A series of articles look at the complex issues around obesity, looking not only at the evidence, sketchy at best, supporting the concept that larger women are always and automatically bound to have complications, but also at how women themselves view the care they receive and the labels that so often go alongside a high weight-to-height ratio. It came as no real surprise to me to see that unbalanced nutrition goes hand in hand as often with obese as with under-weight women, and that both can have serious implications for a growing baby. However, the notion that women can have a high BMI and be well nourished and healthy is one that the current government targets on tackling obesity seem to have neglected to mention.
The issue of meconium is tackled by Sarah Davies. It is something that seems to be feared by birth professionals and women alike, but again the evidence does not seem to suggest any reason for that fear or for the interventions deemed necessary when a baby has opened his bowels before birth. This might be one of those areas where treatment creates many more problems than it prevents; it certainly creates a considerable increase in stress and disturbance.
The selection of birth stories for this issue was very difficult, from the many, many stories we hear of women who have been deemed high risk but have gone on to have beautifully empowering normal births. We chose to share the home birth stories of a breech birth, a twin birth and a post-dates pregnancy. Sadly, with standard care those women may have been encouraged to accept caesarean surgery or induction, but in fact they went on to have births which left them feeling powerful and ready to start their journey to parenthood. All of those parents did a great deal of research into how the risks they were facing applied to them, and they made decisions and gathered their care teams accordingly. Many women simply do not get that chance, for more reasons than we can cover in this journal. Some of these women would have preferred to have the opportunity to birth undisturbed in a hospital setting but were denied that option.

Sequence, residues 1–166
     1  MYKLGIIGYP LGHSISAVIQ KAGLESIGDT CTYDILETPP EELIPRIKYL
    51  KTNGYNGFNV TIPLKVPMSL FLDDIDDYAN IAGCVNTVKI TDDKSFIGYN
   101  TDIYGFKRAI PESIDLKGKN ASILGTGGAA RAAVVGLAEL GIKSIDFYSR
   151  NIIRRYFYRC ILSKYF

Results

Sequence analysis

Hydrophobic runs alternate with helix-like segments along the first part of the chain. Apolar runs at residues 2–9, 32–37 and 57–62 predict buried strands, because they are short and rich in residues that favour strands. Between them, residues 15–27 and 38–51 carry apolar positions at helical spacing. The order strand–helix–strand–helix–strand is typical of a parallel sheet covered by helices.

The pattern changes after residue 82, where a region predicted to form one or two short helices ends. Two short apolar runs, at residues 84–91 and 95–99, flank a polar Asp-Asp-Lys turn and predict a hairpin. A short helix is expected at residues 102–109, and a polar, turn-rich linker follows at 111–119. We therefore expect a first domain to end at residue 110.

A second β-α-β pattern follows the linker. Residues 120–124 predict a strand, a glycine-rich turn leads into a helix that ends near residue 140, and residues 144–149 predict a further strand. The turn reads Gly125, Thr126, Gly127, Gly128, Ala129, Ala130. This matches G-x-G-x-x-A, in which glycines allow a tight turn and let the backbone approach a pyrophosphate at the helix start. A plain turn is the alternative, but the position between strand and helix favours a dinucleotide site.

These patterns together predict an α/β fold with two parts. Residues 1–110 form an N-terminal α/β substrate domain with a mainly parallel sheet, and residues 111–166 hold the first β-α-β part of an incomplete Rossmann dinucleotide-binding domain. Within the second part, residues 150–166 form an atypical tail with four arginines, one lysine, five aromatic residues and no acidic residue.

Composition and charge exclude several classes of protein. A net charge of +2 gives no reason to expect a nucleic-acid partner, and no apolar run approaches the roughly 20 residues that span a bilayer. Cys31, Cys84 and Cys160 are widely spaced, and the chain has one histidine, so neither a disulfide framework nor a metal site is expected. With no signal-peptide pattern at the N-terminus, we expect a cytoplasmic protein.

The omissions in the Journal seem glaring. We have not considered VBAC, suspected small or large babies, women with high blood pressure or a diagnosis of gestational diabetes. The list goes on and on and many issues of our Journal could be filled with teasing out the evidence that supports the concept of risk in those situations. However, for unnecessary harms to be avoided we all need to acknowledge that a risk label usually means a shift from a ‘tiny risk’ to a ‘very small risk’ of an adverse outcome. That means the chance of everything being normal is still very high. What women want is not a label, but individualised care.
AIMS supports all maternity service users to navigate the system as it exists, and campaigns for a system which truly meets the needs of all. AIMS does not give medical advice, but instead we focus on helping women to find the information that they need to make informed decisions about what is right for them, and support them to have their decisions respected by their health care providers. The AIMS Helpline volunteers will be happy to provide further information and support. Please email email@example.com or ring 0300 365 0663.